- Store all pesticides in original containers with labels intact and behind locked doors. KEEP PESTICIDES OUT OF THE REACH OF CHILDREN.
- Use pesticides at correct label concentrations and intervals to avoid illegal residues or injury to plants and animals.
- Apply pesticides carefully to avoid drift or contamination of non-target areas.
- Surplus pesticides and containers should be disposed of in accordance with label instructions so that contamination of water and other hazards will not result.
- Follow directions on the pesticide label regarding restrictions as required by state and federal laws and regulations.
- Avoid any action that may threaten an endangered species or its habitat. Your county extension agent can inform you of endangered species in your area, help you identify them, and through the Fish and Wildlife Service Field Office, identify actions that may threaten endangered species or their habitat.
Refer to the current version of the Georgia Pest Management Handbook for appropriate and effective pesticide recommendations for all of the pests described in this publication.
- Cicada Killer — Nancy Hinkle, University of Georgia, Bugwood.org
- Pipe Organ mud-dauber — Johnny N. Dell, Bugwood.org
- Pipe Organ Nest — Wikipedia, User: Pollinator
- Scorpion — Sturgis McKeever, Georgia Southern University, Bugwood.org
- Honey Bee — David Cappaert, Michigan State University, Bugwood.org
- Bumble Bee — David Cappaert, Michigan State University, Bugwood.org
- Umbrella Wasp on Nest — Joseph Berger, Bugwood.org
- Yellow Jacket — David Cappaert, Michigan State University, Bugwood.org
- Baldfaced Hornet — Johnny N. Dell, Bugwood.org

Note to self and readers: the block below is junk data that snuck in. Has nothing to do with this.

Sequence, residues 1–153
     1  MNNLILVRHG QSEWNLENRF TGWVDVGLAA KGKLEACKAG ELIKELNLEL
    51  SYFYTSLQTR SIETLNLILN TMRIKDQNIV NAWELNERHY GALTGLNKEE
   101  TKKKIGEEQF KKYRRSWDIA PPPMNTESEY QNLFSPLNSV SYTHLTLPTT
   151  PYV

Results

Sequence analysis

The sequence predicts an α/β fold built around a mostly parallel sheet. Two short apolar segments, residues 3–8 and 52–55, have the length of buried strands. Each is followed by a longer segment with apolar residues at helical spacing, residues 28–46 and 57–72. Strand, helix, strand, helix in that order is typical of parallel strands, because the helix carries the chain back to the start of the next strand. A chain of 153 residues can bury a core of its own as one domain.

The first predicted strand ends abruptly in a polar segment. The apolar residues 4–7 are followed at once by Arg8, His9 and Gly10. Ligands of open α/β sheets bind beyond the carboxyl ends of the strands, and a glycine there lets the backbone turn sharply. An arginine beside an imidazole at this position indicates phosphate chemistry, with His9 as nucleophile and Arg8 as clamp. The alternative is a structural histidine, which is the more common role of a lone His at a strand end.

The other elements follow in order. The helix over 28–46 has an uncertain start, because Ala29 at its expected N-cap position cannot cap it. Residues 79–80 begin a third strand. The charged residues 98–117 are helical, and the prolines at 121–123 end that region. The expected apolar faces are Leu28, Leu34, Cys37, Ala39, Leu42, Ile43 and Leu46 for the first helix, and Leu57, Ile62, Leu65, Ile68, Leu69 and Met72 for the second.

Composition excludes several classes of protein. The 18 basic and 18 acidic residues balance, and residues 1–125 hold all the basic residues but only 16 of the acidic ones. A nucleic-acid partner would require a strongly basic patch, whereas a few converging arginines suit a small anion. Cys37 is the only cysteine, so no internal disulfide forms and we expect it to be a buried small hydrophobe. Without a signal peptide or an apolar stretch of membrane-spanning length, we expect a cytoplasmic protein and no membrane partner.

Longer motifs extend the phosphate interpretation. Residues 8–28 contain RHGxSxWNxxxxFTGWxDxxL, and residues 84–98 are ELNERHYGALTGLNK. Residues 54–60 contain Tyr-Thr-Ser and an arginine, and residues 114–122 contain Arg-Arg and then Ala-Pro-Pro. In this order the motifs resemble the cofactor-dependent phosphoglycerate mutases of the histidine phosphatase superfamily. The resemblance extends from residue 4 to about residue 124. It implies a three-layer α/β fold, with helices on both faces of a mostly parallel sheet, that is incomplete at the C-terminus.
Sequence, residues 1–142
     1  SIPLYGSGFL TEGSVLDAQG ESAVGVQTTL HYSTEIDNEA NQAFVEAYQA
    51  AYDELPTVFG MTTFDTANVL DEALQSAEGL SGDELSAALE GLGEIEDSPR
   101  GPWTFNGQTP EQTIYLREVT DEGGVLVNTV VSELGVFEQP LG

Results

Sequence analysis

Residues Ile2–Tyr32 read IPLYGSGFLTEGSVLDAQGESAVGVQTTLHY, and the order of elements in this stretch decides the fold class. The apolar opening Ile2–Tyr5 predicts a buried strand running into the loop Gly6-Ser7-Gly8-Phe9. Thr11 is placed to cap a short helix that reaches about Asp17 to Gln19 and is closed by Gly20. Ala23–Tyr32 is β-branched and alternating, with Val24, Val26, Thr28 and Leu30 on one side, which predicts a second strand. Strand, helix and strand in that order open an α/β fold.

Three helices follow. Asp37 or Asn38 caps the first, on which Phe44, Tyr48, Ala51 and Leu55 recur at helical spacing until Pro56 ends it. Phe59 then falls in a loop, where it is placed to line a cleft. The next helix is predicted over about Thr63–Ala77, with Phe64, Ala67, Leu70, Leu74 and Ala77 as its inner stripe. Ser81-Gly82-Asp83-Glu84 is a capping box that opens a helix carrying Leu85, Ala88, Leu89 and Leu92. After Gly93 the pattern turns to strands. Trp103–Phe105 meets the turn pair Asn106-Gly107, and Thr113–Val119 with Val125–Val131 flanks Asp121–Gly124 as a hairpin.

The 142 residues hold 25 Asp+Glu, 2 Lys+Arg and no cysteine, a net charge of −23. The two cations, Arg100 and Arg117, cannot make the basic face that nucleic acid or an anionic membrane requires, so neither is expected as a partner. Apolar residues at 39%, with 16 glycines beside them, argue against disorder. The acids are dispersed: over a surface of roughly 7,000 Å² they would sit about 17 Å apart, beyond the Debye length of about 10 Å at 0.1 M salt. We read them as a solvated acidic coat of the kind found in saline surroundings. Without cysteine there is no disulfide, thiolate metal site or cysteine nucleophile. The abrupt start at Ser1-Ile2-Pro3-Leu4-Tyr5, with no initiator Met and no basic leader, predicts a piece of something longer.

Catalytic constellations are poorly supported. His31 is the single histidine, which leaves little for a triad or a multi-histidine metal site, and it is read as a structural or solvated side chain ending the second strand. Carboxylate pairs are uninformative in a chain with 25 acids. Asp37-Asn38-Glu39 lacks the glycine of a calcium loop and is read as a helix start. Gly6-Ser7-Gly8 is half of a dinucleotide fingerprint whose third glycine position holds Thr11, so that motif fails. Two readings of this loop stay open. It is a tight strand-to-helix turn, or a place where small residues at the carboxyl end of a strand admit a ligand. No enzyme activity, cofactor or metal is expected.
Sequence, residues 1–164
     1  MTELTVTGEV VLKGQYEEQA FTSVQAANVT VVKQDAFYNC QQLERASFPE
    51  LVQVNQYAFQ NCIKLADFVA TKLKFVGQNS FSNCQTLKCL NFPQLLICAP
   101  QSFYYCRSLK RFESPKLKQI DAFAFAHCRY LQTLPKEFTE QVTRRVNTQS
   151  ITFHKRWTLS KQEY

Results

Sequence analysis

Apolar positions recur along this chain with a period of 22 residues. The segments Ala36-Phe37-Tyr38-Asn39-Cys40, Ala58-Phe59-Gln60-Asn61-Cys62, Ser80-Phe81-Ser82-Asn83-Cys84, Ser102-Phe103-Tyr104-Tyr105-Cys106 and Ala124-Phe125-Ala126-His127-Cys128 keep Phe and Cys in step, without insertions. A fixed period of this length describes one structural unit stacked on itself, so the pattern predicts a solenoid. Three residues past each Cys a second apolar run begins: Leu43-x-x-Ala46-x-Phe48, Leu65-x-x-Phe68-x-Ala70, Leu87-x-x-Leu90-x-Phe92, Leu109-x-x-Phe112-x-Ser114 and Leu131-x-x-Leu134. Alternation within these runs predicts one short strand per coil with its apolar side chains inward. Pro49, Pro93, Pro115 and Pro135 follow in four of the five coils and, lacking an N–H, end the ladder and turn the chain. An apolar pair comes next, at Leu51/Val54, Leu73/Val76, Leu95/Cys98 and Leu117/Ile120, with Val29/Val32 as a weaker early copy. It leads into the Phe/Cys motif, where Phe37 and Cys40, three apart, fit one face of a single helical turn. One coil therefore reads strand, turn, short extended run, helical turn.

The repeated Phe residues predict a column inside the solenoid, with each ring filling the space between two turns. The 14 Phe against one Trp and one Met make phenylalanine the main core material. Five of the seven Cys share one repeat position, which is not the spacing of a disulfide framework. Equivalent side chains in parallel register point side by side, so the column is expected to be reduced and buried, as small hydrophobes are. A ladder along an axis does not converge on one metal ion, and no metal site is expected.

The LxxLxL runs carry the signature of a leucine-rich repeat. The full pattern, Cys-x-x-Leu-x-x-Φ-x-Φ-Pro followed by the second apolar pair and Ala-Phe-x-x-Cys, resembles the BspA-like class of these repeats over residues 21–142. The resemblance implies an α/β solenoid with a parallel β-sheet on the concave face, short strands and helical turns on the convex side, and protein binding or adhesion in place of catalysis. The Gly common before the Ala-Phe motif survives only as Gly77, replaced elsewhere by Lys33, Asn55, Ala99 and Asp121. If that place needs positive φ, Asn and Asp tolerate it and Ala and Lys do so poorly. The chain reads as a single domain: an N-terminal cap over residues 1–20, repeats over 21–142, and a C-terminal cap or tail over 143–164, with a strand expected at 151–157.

- European Hornet — Louis-Michel Nageleisen, Département de la Santé des Forêts, Bugwood.org
- Fire Ant— Scott Bauer, USDA Agricultural Research Service, Bugwood.org
- Puss Caterpillar — Herbert A. "Joe" Pase III, Texas Forest Service, Bugwood.org
- Saddleback Caterpillar — Herbert A. "Joe" Pase III, Texas Forest Service, Bugwood.org
- Hag Moth Caterpillar — Jerry A. Payne, USDA Agricultural Research Service, Bugwood.org
- Mosquito — Pennsylvania Department of Conservation and Natural Resources, Forestry Archive, Bugwood.org
- Deer Fly — Sturgis McKeever, Georgia Southern University, Bugwood.org
- Horse Fly — Sturgis McKeever, Georgia Southern University, Bugwood.org
- Biting Midge — Ed T. Schmidtmann, USDA/ARS
- Black Fly — Entomology and Plant Pathology, Oklahoma State University
- Flea — Joseph Berger, Bugwood.org
- Chigger — Hansell F. Cross, Georgia State University, Bugwood.org
- American Dog Tick — Gary Alpert, Harvard University, Bugwood.org
- Lone Star Dog Tick — Susan Ellis, USDA APHIS PPQ, Bugwood.org
- Black-legged Tick — Scott Bauer, USDA Agricultural Research Service, Bugwood.org
- Black Widow — Sturgis McKeever, Georgia Southern University, Bugwood.org
- Brown Recluse — Lisa Ames, University of Georgia, Bugwood.org
- Cover Photos — Photobucket.com
Status and Revision History
Published on Jan 01, 2002
Published on Mar 30, 2009
Published with Minor Revisions on Apr 18, 2012
Published with Minor Revisions on May 11, 2015
Published with Major Revisions on Oct 26, 2022